From The Archives

Via: The Week
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Be sure to note the music. From The Week:

In 1938, for instance, a category 3 hurricane left 600 people dead in New England. During that ferocious hurricane, also known as the Yankee Clipper and the Long Island Express, the Empire State Building reportedly swayed with wind gusts, and 60 people in New York City alone were killed, says Oren Yaniv at the New York Daily News. Unlike Sandy, 1938′s powerful storm came "without warning," says History.com, and "was born out a tropical cyclone that developed in the eastern Atlantic."

In this strangely compelling historic video of the storm, winds whip New York City residents braving the streets, power lines throughout New England lean and dangle precariously, and flood waters crash into seaside homes, engulfing what looks like a trolley in one of the region's cities.
Via: Dog And Pony Show
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In the heyday of MySpace, a news team tries to figure out Twitter; hilarity ensues.

Charles Darwin's Bad Day of the Day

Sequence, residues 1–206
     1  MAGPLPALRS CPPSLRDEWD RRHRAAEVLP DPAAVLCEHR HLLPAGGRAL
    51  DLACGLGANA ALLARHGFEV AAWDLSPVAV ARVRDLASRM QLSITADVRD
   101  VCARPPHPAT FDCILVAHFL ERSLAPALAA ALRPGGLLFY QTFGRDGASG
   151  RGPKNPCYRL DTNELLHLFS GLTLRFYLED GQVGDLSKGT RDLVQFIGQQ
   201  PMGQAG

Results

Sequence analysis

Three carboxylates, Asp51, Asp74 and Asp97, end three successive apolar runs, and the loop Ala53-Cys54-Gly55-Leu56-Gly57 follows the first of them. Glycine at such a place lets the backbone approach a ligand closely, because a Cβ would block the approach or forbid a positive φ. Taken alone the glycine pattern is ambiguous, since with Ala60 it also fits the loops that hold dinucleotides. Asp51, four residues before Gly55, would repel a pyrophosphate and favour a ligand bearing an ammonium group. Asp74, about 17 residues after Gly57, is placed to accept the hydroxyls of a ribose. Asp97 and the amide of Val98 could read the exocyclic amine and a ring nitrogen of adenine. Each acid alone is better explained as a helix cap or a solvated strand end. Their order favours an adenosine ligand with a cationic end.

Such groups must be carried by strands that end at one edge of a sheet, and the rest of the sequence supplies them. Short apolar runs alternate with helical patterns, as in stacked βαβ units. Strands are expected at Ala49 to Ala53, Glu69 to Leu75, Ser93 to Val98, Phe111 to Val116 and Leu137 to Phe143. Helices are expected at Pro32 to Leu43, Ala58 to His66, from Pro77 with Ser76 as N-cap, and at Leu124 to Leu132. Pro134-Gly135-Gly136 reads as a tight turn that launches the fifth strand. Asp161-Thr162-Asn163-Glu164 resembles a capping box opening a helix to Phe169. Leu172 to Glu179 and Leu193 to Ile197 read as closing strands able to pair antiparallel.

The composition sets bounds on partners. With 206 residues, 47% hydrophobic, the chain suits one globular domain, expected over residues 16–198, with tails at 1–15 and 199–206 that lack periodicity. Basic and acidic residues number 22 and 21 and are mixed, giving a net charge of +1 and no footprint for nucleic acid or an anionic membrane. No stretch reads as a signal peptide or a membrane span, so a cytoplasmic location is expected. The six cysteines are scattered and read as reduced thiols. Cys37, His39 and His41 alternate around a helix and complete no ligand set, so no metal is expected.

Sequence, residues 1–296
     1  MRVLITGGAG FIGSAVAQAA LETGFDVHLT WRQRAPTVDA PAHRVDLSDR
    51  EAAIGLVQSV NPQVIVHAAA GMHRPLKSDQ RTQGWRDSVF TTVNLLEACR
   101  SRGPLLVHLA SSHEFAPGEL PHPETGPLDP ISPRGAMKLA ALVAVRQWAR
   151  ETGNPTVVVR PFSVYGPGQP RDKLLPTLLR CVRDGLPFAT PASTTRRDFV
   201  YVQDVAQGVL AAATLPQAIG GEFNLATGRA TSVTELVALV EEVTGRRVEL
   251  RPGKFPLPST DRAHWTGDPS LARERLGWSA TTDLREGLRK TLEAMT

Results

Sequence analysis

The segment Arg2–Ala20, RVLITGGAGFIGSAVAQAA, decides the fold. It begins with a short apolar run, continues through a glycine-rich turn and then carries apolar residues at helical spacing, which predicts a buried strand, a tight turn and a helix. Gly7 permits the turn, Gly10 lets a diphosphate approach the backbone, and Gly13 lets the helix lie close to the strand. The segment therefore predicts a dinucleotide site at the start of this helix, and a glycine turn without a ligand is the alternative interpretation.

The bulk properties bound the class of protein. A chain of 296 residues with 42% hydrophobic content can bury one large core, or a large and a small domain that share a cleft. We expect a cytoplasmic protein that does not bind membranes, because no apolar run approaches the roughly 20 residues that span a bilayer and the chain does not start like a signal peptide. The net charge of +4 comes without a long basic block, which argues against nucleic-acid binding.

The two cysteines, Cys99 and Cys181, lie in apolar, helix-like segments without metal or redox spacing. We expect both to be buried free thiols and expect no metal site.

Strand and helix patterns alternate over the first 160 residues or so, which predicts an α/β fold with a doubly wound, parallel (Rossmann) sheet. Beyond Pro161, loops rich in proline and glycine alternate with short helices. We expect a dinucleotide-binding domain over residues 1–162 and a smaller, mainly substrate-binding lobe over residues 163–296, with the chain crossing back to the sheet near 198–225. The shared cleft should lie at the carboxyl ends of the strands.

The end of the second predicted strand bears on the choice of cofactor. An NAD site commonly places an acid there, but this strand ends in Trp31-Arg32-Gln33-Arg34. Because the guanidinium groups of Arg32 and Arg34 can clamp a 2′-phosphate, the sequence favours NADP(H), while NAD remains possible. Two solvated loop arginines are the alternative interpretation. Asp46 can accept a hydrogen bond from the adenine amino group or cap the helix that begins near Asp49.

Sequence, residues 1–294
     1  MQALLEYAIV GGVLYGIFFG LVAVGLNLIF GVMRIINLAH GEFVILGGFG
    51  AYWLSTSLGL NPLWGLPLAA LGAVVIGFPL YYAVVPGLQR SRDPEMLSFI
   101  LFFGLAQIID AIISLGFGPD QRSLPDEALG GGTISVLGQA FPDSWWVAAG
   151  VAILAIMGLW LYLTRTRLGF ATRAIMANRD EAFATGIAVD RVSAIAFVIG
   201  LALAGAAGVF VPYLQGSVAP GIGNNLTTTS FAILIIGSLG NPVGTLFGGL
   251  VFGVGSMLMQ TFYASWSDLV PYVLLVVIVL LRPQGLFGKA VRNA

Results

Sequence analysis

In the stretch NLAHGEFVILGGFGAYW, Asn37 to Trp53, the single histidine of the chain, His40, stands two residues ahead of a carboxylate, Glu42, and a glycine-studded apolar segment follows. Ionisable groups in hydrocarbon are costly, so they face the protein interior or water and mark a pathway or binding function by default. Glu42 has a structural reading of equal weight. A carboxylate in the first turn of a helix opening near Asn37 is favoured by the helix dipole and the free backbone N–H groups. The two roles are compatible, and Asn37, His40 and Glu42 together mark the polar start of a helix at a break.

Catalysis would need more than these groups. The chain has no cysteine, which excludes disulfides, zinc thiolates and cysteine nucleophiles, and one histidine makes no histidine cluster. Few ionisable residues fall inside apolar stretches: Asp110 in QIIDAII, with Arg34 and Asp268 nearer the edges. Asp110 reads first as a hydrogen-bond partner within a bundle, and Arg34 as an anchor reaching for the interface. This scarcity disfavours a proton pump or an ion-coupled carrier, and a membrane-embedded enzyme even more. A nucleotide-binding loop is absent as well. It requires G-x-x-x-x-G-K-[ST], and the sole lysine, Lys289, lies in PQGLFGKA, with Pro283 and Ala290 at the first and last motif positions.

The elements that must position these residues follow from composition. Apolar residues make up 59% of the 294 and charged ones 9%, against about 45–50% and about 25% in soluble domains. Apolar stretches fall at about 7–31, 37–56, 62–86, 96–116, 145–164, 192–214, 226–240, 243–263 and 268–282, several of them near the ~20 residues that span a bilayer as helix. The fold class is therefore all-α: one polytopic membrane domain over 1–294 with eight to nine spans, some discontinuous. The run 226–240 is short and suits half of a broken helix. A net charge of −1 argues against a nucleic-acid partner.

Via: NPR
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From a letter dated October 1, 1861:

But I am very poorly today and very stupid and hate everybody and everything.

Nice to know sh-tty days happen to the best of us.

Via: Doobybrain
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"In 1969, Fred Rogers appeared before the United States Senate Subcommittee on Communications. His goal was to support funding for PBS and the Corporation for Public Broadcasting, in response to significant proposed cuts by President Nixon."

This fight sure could use him.

By Unknown
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Tuesday marks the 11th anniversary of the September 11 attacks, which means that the all-too-familiar reflections and remembrances will dominate the media over the next 24 hours.

But here's one story about Osama bin Laden that you probably haven't seen.

An investigation by Middle East expert Robert Fisk, published December 6, 1993, in the U.K.'s Independent, bore this headline:

Anti-Soviet warrior puts his army on the road to peace: The Saudi businessman who recruited mujahedin now uses them for large-scale building projects in Sudan.

How times have changed.

[arbroath]

By Unknown
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These were President Nixon's prepared remarks in case Neil Armstrong and Buzz Aldrin's mission ended in tragedy.

Yeesh.

[bitsandpieces]